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mrmccoy
01-20-2010, 07:10
I have noticed there are a lot of Lp tanks for sale. I'm guessing they are cheaper then a Hp tank. Other then price what is the draw to Lp tanks? I know most are on doubles but why not us a Hp to get the most gas?

FishFood
01-20-2010, 07:53
I guess 'most gas' is determined by where you're located. Have one filled down here and you'll get more gas than an HP of comparable size.

Scuba Pete
01-20-2010, 08:05
HP fills are harder to come by. I did my Cave class with a borrowed set of the old hp 100s the 3500psi version. While i loved the way they trimed out, they just didnt have enough gas. My buddy was diving LP98's and our instuctor was lp104's. I was always calling the dive on thirds. My tanks had roughly 205cf, buddies where 267cf, and our instructor 289cf. The amount of gas is a huge criteria for me. LP tanks also have a 50+ years of history while the new hp 3442psi tanks only have 5-10 years. The LP tanks are proved while the HP tanks have yet to be. Also another point for the LP is that the HP tanks are on a DOT exemption. If the DOT does not renew the exemtion then you have a bunch of money in tanks that you can only use for a maximum of 5 more years as they will not pass the next hydro. There is now a shift in people thinking that if you get a HP tank then you dont have to overfill the tank to get the gas needed. There are also more people who would give you a full fill in a hp tank than people who would fill a lp tank to the same pressure as the hp.

CompuDude
01-20-2010, 12:20
LP vs. HP and which is "best" depends very much on your local fill stations.

LP tanks used to be cheaper than HP tanks, which were new at the time and higher priced, but the difference is not as great any more. Now it comes down to availability and fill stations.

Many fill stations and LDS's follow the rules. This means an Al.80 gets filled to 3000 psi, an LP tank gets filled to 2640 (see below for a caveat), and an HP tank gets filled to 3442/3500 psi.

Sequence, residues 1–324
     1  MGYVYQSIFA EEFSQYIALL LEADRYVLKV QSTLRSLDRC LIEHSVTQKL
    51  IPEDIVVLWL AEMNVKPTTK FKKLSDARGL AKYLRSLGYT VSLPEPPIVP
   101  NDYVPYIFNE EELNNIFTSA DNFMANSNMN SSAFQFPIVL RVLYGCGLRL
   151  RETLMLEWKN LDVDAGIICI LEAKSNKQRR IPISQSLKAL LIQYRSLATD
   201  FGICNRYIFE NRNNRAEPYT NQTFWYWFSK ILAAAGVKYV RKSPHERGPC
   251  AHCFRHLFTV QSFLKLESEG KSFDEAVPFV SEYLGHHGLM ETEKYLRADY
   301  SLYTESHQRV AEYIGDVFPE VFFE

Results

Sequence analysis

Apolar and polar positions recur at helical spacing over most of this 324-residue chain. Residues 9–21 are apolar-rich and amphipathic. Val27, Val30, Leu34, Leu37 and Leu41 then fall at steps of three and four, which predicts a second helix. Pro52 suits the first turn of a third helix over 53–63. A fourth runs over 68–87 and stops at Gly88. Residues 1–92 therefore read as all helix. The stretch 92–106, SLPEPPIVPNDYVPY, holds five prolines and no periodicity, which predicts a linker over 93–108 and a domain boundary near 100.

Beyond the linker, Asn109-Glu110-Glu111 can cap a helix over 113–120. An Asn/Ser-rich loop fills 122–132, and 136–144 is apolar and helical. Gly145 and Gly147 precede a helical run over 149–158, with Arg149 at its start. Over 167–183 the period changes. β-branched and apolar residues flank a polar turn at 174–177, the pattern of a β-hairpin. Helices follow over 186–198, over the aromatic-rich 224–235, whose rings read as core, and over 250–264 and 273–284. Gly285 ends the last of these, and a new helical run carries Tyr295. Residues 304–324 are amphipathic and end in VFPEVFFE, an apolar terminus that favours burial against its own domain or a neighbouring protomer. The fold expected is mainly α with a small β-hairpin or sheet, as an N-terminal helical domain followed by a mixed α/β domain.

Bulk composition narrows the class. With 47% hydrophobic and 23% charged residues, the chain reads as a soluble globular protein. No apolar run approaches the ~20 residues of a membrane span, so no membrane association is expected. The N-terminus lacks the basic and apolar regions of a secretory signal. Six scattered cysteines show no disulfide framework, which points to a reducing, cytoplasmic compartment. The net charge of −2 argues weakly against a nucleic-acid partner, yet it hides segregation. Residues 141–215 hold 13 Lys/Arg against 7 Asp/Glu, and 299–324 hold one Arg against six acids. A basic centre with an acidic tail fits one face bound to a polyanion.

When the stations follow the rules, you're going to get more gas in a lighter tank with HP, every time.

In certain areas, however, particularly Florida cave country, "overfills" are common with LP tanks. They pretty much ignore the rules and fill the tanks, rated to 2640, up as high as they want... 3000, 3500, or even higher. In this case, you're going to get a lot more gas in the LP tanks, compared to the HP tanks which people are generally more loathe to overfill. (Aluminum tanks are also not safe to overfill, but LP tanks seem to handle it better and have a good track record in this regard.)

On the other hand, in other areas, it's not uncommon for fill stations and LDS's to have old, small and/or underpowered compressors that really struggle to fill tanks to high pressures. Heck, sometimes they have a hard time filling an Al.80 to 3000 psi, not to mention an HP100 to 3442! In that case, you want to buy an LP tank based on the capacity you need: If you really need 100cf of gas, you'd better buy an LP104 just in case, because if they won't overfill (slightly) an LP95, you won't get 100cf, and if they can't fill your HP100 to 3442, you're not going to get 100cf, either. (You could, however, buy an HP130 and let them underfill that, and still end up with 100cf as long as you get at least 2640 psi.)

Important caveat with LP tanks: LP tanks are size-rated (from the factory) to include a 10% overfill. The tanks are actually only rated to 2400 psi, but with a "plus" rating (an actual Plus sign stamped into the metal next to the hydro year stamp), you're allowed a 10% overfill, or to 2640 psi. Only at 2640 psi do you actually have a "full" fill that gives you the rated capacity of the tank (85cf in LP85, 95cf in LP95, etc.).

The LP tanks require the Plus rating to be re-certified every 5 years to at the time of Hydro testing to maintain their "plus" rating. If you don't have the Plus testing done (by a hydro facility that's willing and able to do it), your LP85 (which is only 85cf when filled to 2640 psi) just became an LP77, since the tank is now only "allowed" to be filled to 2400 psi. Some areas pretty much ignore this rule and fill to whatever they want anyway, but if you're in an area that follows the rules, this can bite you if you don't know what you're doing.

Locally, for me, fill stations follow the rules and will not overfill LP tanks. As a result, it makes more sense to buy HP tanks. Some places with less-robust compressors can't fill them quite all the way every time, but I still get more than I would with an LP tank, in a much more compact and manageable package.

mrmccoy
01-22-2010, 08:04
Thanks guys! I just noticed and figured I would ask about it.
So it basicly depends on what your local fill stations will and won't do. Another thing I just thought about was size, the HP cylinders are smaller then the LP due to the pressure differences.

Scuba Pete
01-22-2010, 08:19
Yes that is true. A HP 100 is smaller than a LP100 would be. But HP's are comperable in size to their LP cousins ie. A lp85 is comperable in size to a HP 100.